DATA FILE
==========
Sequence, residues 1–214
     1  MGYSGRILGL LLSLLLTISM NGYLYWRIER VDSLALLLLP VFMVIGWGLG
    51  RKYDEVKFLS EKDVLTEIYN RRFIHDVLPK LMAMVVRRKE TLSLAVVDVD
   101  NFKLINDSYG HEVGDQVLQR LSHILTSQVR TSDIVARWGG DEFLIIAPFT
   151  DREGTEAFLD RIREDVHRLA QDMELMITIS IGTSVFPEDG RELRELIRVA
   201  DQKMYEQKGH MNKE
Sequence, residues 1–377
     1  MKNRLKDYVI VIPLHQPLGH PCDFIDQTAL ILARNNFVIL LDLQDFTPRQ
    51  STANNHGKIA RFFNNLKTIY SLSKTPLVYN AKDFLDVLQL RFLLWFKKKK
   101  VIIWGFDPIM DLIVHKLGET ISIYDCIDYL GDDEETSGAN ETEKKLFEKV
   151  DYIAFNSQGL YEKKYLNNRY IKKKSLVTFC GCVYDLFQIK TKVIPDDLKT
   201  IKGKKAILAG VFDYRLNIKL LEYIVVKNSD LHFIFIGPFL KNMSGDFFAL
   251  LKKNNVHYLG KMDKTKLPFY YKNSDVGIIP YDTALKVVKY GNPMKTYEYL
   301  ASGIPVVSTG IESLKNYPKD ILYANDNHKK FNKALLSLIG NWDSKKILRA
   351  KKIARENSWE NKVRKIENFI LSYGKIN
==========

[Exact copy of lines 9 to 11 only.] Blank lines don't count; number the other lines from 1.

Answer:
    51  STANNHGKIA RFFNNLKTIY SLSKTPLVYN AKDFLDVLQL RFLLWFKKKK
   101  VIIWGFDPIM DLIVHKLGET ISIYDCIDYL GDDEETSGAN ETEKKLFEKV
   151  DYIAFNSQGL YEKKYLNNRY IKKKSLVTFC GCVYDLFQIK TKVIPDDLKT